It is difficult for us now to appreciate the sheer grinding tedium of performing arithmetical calculations using only pencil and paper. Calculations to work out the logarithms of numbers and trigonometric functions were particularly horrible and any means of reducing the amount of labour involved was eagerly sought. Some of the methods used might seem strange to modern eyes.

One method used was to calculate only a few of the values required using the correct but tedious method and then to fill in the gaps in between using other techniques that required less effort to calculate.

The trick was to find some other function that gave the right sort of answers or the correctly shaped curve, without having to do masses of horrible calculations.

One such function was the polynomial.

Roughly speaking, something that has x, x^{2},
x^{3}, x^{4}, ... in it. In practice only the
lower members of the family are important here. An example would
be something like:-

x^{3} + 7x^{2} + 3x + 4

In a function like this, x can have any value we chose for it. For instance, when x=2 this function has the value:-

(2 × 2 ×2) + (7 × 2 × 2) + (3 ×
2) + 4

= 8 + 28 + 6 + 4

= 46

If we want x to be equal to 5, then the function will have the value:-

(5 × 5 × 5) + (7 × 5 × 5) + (3 ×
5) + 4

= 125 + 175 + 15 + 4

= 319

If we work out the value of the function for lots of values of x and then plot the results on graph paper, we see a curve.

So what?

The point is that by carefully choosing the numbers in the function, the curve can be customised to fit quite well to a part (not all) of a log or trig function.

The general technique is to multiply the higher powers of x by a very small number - these become important on the right of the curve. The lower powers are multiplied by rather larger numbers and may be added or subtracted to get the best fit. Finally, a constant may be added or subtracted to shift the whole curve up or down.

For instance, using logarithms as an example, Graph 1 shows a
plot of the logs of numbers from 1 to 10. The curve gradually
changes and flattens as the numbers increase. Today, using a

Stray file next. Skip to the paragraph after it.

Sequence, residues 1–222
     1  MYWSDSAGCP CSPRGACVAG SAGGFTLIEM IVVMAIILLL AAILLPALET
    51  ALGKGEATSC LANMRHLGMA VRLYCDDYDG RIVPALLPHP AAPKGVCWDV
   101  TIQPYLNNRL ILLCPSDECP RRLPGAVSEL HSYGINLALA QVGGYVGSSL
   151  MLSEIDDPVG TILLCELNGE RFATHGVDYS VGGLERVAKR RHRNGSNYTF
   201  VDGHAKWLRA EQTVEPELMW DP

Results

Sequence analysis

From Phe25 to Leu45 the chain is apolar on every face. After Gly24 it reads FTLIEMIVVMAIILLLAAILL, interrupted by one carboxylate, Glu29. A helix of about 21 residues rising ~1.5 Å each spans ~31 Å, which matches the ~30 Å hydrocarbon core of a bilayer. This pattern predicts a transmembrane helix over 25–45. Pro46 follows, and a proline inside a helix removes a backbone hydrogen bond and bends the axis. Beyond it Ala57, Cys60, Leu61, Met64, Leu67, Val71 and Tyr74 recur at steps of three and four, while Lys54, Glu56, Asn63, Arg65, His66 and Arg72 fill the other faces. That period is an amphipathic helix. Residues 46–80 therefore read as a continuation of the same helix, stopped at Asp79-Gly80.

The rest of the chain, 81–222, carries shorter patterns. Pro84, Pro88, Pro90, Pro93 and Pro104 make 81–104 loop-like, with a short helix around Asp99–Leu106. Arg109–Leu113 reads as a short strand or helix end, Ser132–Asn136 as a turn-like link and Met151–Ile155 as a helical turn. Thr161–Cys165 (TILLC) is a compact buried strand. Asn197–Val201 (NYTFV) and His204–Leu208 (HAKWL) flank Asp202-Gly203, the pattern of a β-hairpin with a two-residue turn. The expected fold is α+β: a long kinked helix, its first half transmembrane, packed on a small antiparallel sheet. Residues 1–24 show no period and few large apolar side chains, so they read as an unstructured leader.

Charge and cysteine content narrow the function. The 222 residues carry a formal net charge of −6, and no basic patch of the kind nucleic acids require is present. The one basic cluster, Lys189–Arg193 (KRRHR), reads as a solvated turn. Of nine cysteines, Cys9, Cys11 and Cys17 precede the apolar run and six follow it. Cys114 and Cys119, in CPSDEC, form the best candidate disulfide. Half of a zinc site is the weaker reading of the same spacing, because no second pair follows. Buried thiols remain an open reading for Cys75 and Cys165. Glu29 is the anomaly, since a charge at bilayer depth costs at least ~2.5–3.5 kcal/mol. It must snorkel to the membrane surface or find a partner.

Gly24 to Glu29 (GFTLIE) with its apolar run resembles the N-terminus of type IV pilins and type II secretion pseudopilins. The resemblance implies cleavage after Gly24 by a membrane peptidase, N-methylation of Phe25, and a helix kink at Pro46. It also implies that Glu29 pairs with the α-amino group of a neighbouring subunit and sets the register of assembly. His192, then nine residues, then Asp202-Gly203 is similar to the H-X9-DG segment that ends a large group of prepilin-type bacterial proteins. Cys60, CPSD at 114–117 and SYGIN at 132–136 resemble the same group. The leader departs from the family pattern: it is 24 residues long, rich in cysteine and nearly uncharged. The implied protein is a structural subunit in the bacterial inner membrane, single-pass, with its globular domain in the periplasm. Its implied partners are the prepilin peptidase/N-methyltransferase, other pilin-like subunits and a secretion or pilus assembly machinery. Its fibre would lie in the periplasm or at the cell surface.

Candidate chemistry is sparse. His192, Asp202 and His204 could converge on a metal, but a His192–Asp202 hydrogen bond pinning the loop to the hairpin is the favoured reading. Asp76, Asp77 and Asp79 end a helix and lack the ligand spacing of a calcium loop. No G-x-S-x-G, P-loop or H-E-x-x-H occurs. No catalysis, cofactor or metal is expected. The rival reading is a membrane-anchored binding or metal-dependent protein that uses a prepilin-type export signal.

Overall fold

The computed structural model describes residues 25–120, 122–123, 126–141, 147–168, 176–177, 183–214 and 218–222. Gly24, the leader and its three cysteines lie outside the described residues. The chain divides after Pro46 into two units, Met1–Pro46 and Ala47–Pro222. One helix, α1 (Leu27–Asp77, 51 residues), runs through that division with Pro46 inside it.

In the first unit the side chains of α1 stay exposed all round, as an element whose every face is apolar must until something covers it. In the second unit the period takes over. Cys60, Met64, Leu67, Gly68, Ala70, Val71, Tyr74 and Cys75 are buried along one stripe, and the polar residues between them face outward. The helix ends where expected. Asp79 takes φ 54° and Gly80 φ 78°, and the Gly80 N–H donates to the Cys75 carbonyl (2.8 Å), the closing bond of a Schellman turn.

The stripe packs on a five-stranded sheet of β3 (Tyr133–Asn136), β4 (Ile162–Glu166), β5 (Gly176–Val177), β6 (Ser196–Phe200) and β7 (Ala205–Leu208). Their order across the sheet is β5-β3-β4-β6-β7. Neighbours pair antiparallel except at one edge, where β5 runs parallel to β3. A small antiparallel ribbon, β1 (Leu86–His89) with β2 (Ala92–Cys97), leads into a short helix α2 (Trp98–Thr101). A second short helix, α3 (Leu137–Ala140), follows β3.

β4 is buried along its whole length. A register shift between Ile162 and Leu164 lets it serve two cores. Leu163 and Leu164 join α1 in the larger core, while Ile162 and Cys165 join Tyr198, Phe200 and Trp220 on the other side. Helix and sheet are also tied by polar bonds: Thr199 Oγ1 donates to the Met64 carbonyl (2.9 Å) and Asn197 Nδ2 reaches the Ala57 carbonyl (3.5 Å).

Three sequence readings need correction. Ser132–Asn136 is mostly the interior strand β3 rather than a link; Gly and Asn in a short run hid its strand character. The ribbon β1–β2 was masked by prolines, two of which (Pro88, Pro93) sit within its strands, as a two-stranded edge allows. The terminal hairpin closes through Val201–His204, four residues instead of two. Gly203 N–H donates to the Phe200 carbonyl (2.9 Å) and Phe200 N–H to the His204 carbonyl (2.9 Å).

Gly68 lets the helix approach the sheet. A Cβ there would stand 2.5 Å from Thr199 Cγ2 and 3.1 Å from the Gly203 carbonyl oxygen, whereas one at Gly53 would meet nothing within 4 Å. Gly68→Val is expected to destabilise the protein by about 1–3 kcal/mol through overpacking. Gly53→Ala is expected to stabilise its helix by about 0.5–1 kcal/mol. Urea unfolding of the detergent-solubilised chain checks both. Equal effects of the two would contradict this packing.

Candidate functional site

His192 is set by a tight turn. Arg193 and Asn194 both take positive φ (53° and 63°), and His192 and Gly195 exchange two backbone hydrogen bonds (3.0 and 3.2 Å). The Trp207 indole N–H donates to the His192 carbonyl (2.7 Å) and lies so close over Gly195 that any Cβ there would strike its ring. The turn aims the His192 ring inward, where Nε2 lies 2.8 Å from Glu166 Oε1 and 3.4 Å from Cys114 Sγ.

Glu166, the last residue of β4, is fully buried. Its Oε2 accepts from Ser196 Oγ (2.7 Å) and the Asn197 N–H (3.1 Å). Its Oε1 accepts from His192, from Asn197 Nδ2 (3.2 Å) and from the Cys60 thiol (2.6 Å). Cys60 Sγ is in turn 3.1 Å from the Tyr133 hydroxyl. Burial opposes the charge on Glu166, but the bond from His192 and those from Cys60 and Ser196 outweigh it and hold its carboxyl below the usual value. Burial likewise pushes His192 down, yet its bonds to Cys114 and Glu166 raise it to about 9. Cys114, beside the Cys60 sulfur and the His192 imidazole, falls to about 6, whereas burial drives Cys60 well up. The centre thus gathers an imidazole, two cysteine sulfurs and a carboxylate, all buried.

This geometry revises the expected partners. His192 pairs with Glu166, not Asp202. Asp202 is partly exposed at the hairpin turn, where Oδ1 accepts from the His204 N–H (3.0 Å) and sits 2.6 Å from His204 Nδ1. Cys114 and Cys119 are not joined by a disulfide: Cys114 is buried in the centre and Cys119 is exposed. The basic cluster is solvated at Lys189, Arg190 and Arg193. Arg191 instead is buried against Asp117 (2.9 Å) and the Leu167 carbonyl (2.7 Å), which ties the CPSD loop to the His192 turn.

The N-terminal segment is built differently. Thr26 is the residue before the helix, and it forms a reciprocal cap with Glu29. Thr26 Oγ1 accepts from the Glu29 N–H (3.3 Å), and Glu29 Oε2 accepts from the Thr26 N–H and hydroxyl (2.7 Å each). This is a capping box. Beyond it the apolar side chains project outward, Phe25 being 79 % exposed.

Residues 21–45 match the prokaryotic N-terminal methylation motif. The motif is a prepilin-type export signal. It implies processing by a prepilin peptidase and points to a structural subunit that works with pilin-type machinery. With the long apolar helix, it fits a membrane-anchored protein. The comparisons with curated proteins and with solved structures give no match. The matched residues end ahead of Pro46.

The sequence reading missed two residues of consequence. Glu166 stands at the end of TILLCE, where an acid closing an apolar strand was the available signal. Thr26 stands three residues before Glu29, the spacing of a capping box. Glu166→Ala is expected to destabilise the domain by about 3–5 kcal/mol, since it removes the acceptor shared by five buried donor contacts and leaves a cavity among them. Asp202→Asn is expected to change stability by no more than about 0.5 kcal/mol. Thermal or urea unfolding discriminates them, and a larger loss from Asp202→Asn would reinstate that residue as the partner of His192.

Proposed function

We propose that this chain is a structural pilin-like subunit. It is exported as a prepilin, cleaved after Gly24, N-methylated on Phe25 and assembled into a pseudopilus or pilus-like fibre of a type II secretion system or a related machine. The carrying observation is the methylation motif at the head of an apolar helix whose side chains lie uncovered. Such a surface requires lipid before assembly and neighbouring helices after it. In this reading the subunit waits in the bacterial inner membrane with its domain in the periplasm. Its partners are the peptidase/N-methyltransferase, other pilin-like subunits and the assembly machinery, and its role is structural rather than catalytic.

computer,it is easy to produce such a graph, but it is very
difficult and time consuming to calculate the points by hand.
What we need is something else that gives the same shape of graph
but is easier to calculate.

Graph 2 shows the same log plot and also a plot of the polynomial:-

0.0038823x^{3} - 0.060157x^{2}
+ 0.40224x - 0.29289 (Function#1)

This is quite a good fit when x is between 3 and 5, but fairly dreadful for values higher than 5.

To fit the curve higher up another function has to be used, such as:-

0.00054777x^{3} - 0.015950x^{2}
+ 0.20472x +0.0057011 (Function#2)

This function gives a good fit for values of x between 5 and 8.

The table below shows numbers, their logarithms and the corresponding values of functions #1 & #2.

Where the fit is good, the values are green, whereas red indicates a poor fit.

This is actually a bit of a cheat, because the figures have been cut at three decimal places and differences of 1 in the last place have been ignored to make it easier for me. (This then cunningly ignores the wobble in the middle of function#1).

In practice, the polynomial and the logarithm would have to agree to at least 8 decimal places and it would work for a much smaller range of values. The principle, however, is the same. De Prony's mathematicians would have decided on the functions and their usable ranges and his "computers" would then have been able to start calculating the values of the function for the given range.

Number | Logarithm | Function#1 | Function#2 |
---|---|---|---|

1.0 | 0.000 | 0.053 | 0.195 |

1.2 | 0.079 | 0.110 | 0.229 |

1.4 | 0.146 | 0.163 | 0.263 |

1.6 | 0.204 | 0.213 | 0.295 |

1.8 | 0.255 | 0.259 | 0.326 |

2.0 | 0.301 | 0.302 | 0.356 |

2.2 | 0.342 | 0.342 | 0.385 |

2.4 | 0.380 | 0.380 | 0.413 |

2.6 | 0.415 | 0.415 | 0.440 |

2.8 | 0.447 | 0.447 | 0.466 |

3.0 | 0.477 | 0.477 | 0.491 |

3.2 | 0.505 | 0.505 | 0.515 |

3.4 | 0.531 | 0.532 | 0.539 |

3.6 | 0.556 | 0.557 | 0.562 |

3.8 | 0.580 | 0.580 | 0.583 |

4.0 | 0.602 | 0.602 | 0.604 |

4.2 | 0.623 | 0.623 | 0.625 |

4.4 | 0.643 | 0.643 | 0.644 |

4.6 | 0.663 | 0.662 | 0.663 |

4.8 | 0.681 | 0.681 | 0.681 |

5.0 | 0.699 | 0.700 | 0.699 |

5.2 | 0.716 | 0.718 | 0.716 |

5.4 | 0.732 | 0.736 | 0.732 |

5.6 | 0.748 | 0.755 | 0.748 |

5.8 | 0.763 | 0.774 | 0.763 |

6.0 | 0.778 | 0.793 | 0.778 |

6.2 | 0.792 | 0.814 | 0.792 |

6.4 | 0.806 | 0.835 | 0.806 |

6.6 | 0.820 | 0.858 | 0.820 |

6.8 | 0.833 | 0.881 | 0.833 |

7.0 | 0.845 | 0.907 | 0.845 |

7.2 | 0.857 | 0.934 | 0.857 |

7.4 | 0.869 | 0.963 | 0.869 |

7.6 | 0.881 | 0.994 | 0.881 |

7.8 | 0.892 | 1.027 | 0.892 |

8.0 | 0.903 | 1.063 | 0.903 |

8.2 | 0.914 | 1.101 | 0.914 |

8.4 | 0.924 | 1.142 | 0.925 |

8.6 | 0.934 | 1.187 | 0.935 |

8.8 | 0.944 | 1.234 | 0.945 |

9.0 | 0.954 | 1.285 | 0.956 |

9.2 | 0.964 | 1.339 | 0.966 |

9.4 | 0.973 | 1.397 | 0.976 |

9.6 | 0.982 | 1.459 | 0.986 |

9.8 | 0.991 | 1.526 | 0.996 |

10.0 | 1.000 | 1.596 | 1.006 |

All those words above are merely details - there is just one important point to recognise.

- A polynomial can be made the same shape as
**part**of a log or trig function.

The next section - The Difference Engine, will show that it is possible to work out the values of a polynomial by using addition and subtraction only. It is not necessary to use multiplication. This makes life a whole lot easier

28-Jan-2002

Text Copyright © 2002 A. Audsley, All
Rights Reserved